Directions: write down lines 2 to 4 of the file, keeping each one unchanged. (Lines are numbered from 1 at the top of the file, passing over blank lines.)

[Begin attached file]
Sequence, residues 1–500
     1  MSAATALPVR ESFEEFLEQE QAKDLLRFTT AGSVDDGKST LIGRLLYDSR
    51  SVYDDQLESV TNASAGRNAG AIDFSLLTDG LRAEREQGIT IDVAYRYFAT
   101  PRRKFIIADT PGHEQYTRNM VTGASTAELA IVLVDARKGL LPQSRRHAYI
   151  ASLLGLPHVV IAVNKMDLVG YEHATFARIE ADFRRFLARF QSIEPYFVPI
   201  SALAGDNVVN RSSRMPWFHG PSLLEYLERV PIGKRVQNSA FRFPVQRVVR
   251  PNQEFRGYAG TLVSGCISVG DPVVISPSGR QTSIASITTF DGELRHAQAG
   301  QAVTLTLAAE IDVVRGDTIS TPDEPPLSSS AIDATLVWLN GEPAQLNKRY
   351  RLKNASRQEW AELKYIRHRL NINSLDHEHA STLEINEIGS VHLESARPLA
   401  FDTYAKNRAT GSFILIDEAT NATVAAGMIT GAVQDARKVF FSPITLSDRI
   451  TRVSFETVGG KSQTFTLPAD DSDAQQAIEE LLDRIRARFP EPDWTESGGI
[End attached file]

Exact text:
     1  MSAATALPVR ESFEEFLEQE QAKDLLRFTT AGSVDDGKST LIGRLLYDSR
    51  SVYDDQLESV TNASAGRNAG AIDFSLLTDG LRAEREQGIT IDVAYRYFAT
   101  PRRKFIIADT PGHEQYTRNM VTGASTAELA IVLVDARKGL LPQSRRHAYI